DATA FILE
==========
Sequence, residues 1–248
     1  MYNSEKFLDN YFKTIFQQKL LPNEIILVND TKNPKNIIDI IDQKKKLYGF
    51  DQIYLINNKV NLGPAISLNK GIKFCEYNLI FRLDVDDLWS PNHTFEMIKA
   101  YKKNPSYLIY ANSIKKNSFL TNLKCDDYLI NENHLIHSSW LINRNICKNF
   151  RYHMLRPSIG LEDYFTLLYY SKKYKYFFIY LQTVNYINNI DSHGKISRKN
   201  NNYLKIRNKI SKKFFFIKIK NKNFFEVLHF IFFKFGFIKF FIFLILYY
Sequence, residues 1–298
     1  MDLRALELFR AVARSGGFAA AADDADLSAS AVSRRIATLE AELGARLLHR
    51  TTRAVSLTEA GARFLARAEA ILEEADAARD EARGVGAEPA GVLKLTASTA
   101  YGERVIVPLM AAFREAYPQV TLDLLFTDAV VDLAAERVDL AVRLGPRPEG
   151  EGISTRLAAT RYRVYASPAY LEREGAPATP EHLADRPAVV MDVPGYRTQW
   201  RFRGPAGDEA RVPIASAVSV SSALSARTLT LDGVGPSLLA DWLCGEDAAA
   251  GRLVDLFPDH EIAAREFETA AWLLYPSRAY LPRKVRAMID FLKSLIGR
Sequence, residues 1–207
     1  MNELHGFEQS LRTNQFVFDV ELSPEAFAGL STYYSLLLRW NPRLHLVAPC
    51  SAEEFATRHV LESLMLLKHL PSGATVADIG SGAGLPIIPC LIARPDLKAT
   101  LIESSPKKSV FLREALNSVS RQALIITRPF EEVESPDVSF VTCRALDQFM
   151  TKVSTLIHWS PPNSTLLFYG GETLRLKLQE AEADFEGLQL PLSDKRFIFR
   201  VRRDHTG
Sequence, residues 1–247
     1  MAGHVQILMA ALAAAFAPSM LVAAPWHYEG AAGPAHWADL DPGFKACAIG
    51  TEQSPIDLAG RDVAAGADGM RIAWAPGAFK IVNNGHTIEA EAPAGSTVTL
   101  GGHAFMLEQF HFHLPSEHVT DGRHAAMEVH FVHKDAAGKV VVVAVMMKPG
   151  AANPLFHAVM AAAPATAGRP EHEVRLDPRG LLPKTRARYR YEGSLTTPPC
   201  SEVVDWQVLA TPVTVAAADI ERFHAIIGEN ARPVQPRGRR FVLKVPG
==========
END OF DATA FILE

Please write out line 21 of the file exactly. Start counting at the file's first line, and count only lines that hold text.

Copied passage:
     1  MAGHVQILMA ALAAAFAPSM LVAAPWHYEG AAGPAHWADL DPGFKACAIG